Along the way you have a few opportunities to stop. If you’re really hungry, La Cadena has a few simple shacks serving lunches and snacks. Better to keep on to the edge of Cascol where there is a little stop inside the Primax petrol station which sells delicious corviche, a snack native to Manabi. In other settlements you might see people on the roadside holding up a charred object. This is choclo asado – a corn on the cob cooked on a barbecue. The countryside is dry, although thee are little sections of irrigated plots. After 10km you pass a turning to Paján.














The road finally descends down into Jipijapa (/hipihapa/), a small town but the most significant in the south of Manabi. From here a road descends west to join the Ruta del Sol at Puerto Cayo. Another road ascends north, passing a giant model of a corn on the cob (symbol of the town) and continues to a summit where sellers often gather at the roadside to display their fruit and vegetables. When the road descends again, the landscape becomes very dry, scattered with ceibos trees and very dusty looking grasses. It is quite dramatic and a big contrast to the tropical greens of Guayas.

You pass a hamlet where the entire population seems to subsist on selling tortillas de maiz – there is nothing more than there a line of stalls with a few simple shacks behind them and a petrol station at the end of the line. Then, near the end of the route you pass through La Pila and, if you choose, Montecristi. In La Pila you can buy hammocks, pillows and some huge, gaudy vases and statues. People also sell pan de yucca which should be eaten hot before they get too hard and dry. After passing the shops a turning to the right takes you to Portoviejo more directly on a diversion through the middle of nowhere. Otherwise keep straight on for Manta and Montecristi.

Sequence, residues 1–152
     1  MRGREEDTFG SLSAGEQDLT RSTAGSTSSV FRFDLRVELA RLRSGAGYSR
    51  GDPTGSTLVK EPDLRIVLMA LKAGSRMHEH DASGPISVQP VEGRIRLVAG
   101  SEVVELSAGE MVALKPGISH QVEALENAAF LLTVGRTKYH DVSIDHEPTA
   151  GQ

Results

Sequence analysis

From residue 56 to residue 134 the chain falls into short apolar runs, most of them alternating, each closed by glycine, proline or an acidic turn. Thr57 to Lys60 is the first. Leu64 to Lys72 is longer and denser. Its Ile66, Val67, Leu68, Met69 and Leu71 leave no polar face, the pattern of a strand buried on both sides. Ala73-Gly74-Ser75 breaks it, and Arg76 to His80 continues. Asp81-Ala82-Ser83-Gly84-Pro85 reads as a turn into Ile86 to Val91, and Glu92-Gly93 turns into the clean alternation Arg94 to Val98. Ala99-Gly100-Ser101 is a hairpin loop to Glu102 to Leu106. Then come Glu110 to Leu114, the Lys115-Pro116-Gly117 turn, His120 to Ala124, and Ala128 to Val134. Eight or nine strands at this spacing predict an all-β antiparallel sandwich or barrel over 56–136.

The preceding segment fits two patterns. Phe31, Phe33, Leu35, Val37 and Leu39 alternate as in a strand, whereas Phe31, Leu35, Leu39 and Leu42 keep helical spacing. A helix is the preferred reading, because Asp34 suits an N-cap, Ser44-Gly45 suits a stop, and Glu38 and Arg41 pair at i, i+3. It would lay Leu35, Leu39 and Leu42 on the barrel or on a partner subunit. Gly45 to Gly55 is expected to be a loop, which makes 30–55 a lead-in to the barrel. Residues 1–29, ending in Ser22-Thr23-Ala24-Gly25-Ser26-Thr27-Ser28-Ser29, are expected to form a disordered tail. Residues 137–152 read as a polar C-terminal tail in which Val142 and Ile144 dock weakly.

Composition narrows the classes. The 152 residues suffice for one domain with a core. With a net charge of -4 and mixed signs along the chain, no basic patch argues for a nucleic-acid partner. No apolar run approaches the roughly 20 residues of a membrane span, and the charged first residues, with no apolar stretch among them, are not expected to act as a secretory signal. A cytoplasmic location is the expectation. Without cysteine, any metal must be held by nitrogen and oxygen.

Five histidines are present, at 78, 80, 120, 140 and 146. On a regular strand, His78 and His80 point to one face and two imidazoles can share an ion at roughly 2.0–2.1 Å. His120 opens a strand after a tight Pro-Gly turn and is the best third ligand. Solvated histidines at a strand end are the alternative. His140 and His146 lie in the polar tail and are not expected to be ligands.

Montecristi is famous for the production of the “Panama” hat. It was also the birthplace of the 19th century liberal Eloy Alfaro, a fact which inspired the recent construction of an expensive complex to house the constituent, then legislative assembly, responsible for overturning Ecuador’s legal framework for the umpteenth time.

The road which runs east – west between Manta and Portoviejo is in good condition so you can relax when you reach this. Turning right for Portoviejo you descend into a natural bowl. Hills rise up to your left, in fact Portoviejo is surrounded by hills which helps make it one of the hottest places in Ecuador. The road straightens and passes some love motels before the city proper begins with houses and schools. A turning to the left takes you further north into the province via a bypass. Otherwise you continue straight to a roundabout and the bus terminal. Beyond that is the centre of Portoviejo.